The MacGuffin: News and Comment (24/Nov/2012)
(c) Ken Mogg (2012)
About the murder of Gromek by asphyxiation in Torn Curtain, Hitchcock said that he fully intended the farm house's gas oven to evoke Auschwitz. (He didn't say why he intended it, but we may guess. Probably he was remembering how it was in just such tranquil surroundings as those of this German farm that some of the extermination camps operated.) Equally, he clearly intended the nice irony that Michael and Sarah's escape from East Berlin on board a 'fake' bus is engineered by a Jew, Mr Jacobi (David Opatoshu), working for the resistance organisation called 'Pi' (after the Greek mathematical symbol). Ancient Greece, the birthplace of democracy, is evoked several times in Torn Curtain, with an irony of its own. It represents one of Hitchcock's 'Golden Age' or 'Lost Paradise' symbols (compare, for example, the ironic evocation of Wordsworthian 'bliss' at the start of Hitchcock's Frenzy). Very possibly, on this occasion the filmmakers were thinking of George Orwell's '1984' (1949) with its oppressive regime and, for a time, the characters' dream of 'the Golden Country'. (For a frame-capture from Torn Curtain showing the use of golden light for the East German scenes, see entry for November 3, above.) Now, it's the bus scene itself that I want to focus on this time. Many of my readers may not agree with me, but I find the scene immensely satisfying - far more so than the comparatively crude, and even insulting, bus scene in Hitchcock's Sabotage (1936) with its constant cutting-away to shots of clocks (there's a bomb on board, timed to explode at 1.45 p.m.) and then back to the boy Stevie playing with an 'adorable' puppy (both Stevie and puppy will shortly perish). I first watched that scene with an audience of undergraduates many years ago, and still remember being embarrassed by how 'obvious' it was. On the other hand, the Torn Curtain bus scene is a triumph of Symbolist content. If the farmhouse scene is all about the life/death 'force' (the One, Schopenhauer's 'Will') made palpable, the bus scene is its complement, the depiction of life's diversity (everyday appearance, the Many, Schopenhauer's 'Representation'). In other words, it shows 'democracy' in action, what we are like collectively and need to feel ourselves part of. Although nearly all of the people on the bus are members of 'Pi', they are a motley lot. They include a little man with a cold, a student and his girlfriend, identical twin brothers, and the hysterical Fraulein Mann. ('Doubles' figure suggestively in this film, a reminder that no one is an island. Even the bus has its 'twin'.) They are all ordinary-enough people - yet capable of heroism - and thus represent those from whom Michael and Sarah have been shielded by their ivory-tower existence back in Washington, D.C. With particular irony, Sarah is a Senator's daughter, as the film's novelisation notes. Collectively, too, the people on the bus represent us, the film's audience. Twice they burst into applause for their efforts in the face of danger. On the first occasion, it's Jacobi's quick-thinking, and that of the man with the cold, that saves the day. Significantly, on the second occasion it's Michael who is the hero - by leaping up to press the emergency door-release when an Army deserter has become trapped on board just as security guards approach (see frame-capture below). Michael's quick-thinking will figure again later, during the theatre scene. But of course 'democracy' is an imperfect entity, something that is personified by Fraulein Mann's increasing nervousness and anger until, finally, Jacobi orders her from the bus - but not before she has rounded on Michael and Sarah, telling them she hopes they'll be caught 'for causing everyone so much trouble'. Clearly, the film takes a pessimistic view of short-term progress (it's worth noting that the fall of the Berlin Wall was still over twenty years away), not to speak of beyond that. Indeed, the novelisation, based on the screenplay, has Michael wondering in Schopenhauerian terms about perennial human selfishness and whether he 'would be more willing to risk his life for fellow Americans than for foreigners' - and concludes that he would: 'it was hopelessly built into the human frame, and too damned bad, but what were you going to do?' Still, the film gives Sarah a moment of compassion - when she asks Michael to consider helping the Polish countess (Lila Kedrova) - although her suggestion comes to nothing as events pan out. But the audience has been challenged, and that was always part of Hitchcock's agenda. Note, by the way, that the countess describes herself in the novelisation as 'an old woman. But there is la vie left in me. Lots of la vie.' That, too, was always Hitchcock's ultimate hope - la vie itself.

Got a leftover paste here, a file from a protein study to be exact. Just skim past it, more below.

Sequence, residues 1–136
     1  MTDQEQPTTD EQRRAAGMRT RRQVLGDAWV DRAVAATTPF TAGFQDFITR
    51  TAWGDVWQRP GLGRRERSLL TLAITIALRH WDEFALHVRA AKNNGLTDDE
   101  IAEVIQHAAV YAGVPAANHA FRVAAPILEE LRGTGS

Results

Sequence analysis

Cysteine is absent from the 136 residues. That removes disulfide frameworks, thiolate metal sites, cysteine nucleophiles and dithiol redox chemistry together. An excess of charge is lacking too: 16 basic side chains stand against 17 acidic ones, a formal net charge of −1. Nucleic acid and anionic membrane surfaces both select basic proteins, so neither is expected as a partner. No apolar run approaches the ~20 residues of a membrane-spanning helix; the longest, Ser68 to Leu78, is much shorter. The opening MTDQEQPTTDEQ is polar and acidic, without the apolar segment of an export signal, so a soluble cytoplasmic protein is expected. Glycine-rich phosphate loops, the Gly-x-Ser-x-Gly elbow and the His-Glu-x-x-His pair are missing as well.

This material is copyright of Ken Mogg and the Hitchcock Scholars/'MacGuffin' website (home page) and is archived with the permission of the copyright holder.